doi:10.3389/fphys.2014.00338

PMCID: PMC4164003
PMID: 25309442

optical mapping; photon scattering; cardiac modeling; Monte Carlo; bidomain

With the widespread use of PET crystals with greatly improved energy resolution (e.g., 11.5% with LYSO as compared to 20% with BGO) and of list-mode acquisitions, the use of the energy of individual events in scatter correction schemes becomes feasible. We propose a novel scatter approach that incorporates the energy of individual photons in the scatter correction and reconstruction of list-mode PET data in addition to the spatial information presently used in clinical scanners. First, we rewrite the Poisson likelihood function of list-mode PET data including the energy distributions of primary and scatter coincidences and show that this expression yields an MLEM reconstruction algorithm containing both energy and spatial dependent corrections. To estimate the spatial distribution of scatter coincidences we use the single scatter simulation (SSS). Next, we derive two new formulae which allow estimation of the 2D (coincidences) energy probability density functions (E-PDF) of primary and scatter coincidences from the 1D (photons) E-PDFs associated with each photon. We also describe an accurate and robust object-specific method for estimating these 1D E-PDFs based on a decomposition of the total energy spectra detected across the scanner into primary and scattered components. Finally, we show that the energy information can be used to accurately normalize the scatter sinogram to the data. We compared the performance of this novel scatter correction incorporating both the position and energy of detected coincidences to that of the traditional approach modeling only the spatial distribution of scatter coincidences in 3D Monte Carlo simulations of a medium cylindrical phantom and a large, non uniform NCAT phantom. Incorporating the energy information in the scatter correction decreased bias in the activity distribution estimation by ~20% and ~40% in the cold regions of the large NCAT phantom at energy resolutions 11.5 and 20% at 511 keV, respectively, compared to when using the spatial information alone.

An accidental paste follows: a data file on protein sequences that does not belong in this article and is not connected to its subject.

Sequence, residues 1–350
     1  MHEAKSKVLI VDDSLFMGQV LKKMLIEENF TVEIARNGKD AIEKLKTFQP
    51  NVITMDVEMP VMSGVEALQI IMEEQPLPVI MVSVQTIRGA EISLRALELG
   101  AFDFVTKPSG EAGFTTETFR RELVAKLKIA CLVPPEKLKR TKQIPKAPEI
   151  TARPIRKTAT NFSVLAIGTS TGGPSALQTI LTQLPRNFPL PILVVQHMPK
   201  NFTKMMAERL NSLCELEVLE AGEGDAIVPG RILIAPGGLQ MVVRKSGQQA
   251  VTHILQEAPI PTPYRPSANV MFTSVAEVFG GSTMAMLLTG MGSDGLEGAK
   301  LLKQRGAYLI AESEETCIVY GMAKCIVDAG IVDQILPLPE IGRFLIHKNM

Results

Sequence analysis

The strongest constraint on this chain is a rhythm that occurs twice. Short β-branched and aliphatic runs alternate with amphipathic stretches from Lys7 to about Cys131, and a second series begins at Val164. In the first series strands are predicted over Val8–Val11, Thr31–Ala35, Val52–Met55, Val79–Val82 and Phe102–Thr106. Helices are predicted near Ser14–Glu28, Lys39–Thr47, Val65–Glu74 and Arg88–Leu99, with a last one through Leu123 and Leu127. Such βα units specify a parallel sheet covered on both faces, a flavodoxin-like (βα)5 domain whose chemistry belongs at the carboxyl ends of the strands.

doi:10.1109/TMI.2010.2095025

PMCID: PMC3120772
PMID: 21118770

absolute quantification; energy information; fully 3D reconstruction; list-mode PET data; scatter correction

High resolution X-ray diffraction
data on forms I–IV of
sulfathiazole and neutron diffraction data on forms II–IV have
been collected at 100 K and analyzed using the Atoms in Molecules
topological approach. The molecular thermal motion as judged by the
anisotropic displacement parameters (adp’s) is very similar
in all four forms. The adp of the thiazole sulfur atom had the greatest
amplitude perpendicular to the five-membered ring, and analysis of
the temperature dependence of the adps indicates that this is due
to genuine thermal motion rather than a concealed disorder. A minor
disorder (∼1–2%) is evident for forms I and II, but
a statistical analysis reveals no deleterious effect on the derived
multipole populations. The topological analysis reveals an intramolecular
S–O···S interaction, which is consistently present
in all experimental topologies. Analysis of the gas-phase conformation
of the molecule indicates two low-energy theoretical conformers, one
of which possesses the same intramolecular S–O···S
interaction observed in the experimental studies and the other an
S–O···H–N intermolecular interaction.
These two interactions appear responsible for “locking”
the molecular conformation. The lattice energies of the various polymorphs
computed from the experimental multipole populations are highly dependent
on the exact refinement model. They are similar in magnitude to theoretically
derived lattice energies, but the relatively high estimated errors
mean that this method is insufficiently accurate to allow a definitive
stability order for the sulfathiazole polymorphs at 0 K to be determined.

High resolution X-ray diffraction data on sulfathiazole
(forms I−IV) and neutron diffraction data have been used to
analyze the polymorphic electron density using Quantum Theory of Atoms
in Molecules. Two low-energy theoretical conformers are found in the
gas phase, one of which possesses an S−O···S
interaction (a) and the other an S−O···H−N
(b) intermolecular interaction. These interactions appear responsible
for “locking” the molecular conformation.

doi:10.1021/cg401757z

PMCID: PMC3963452
PMID: 24672285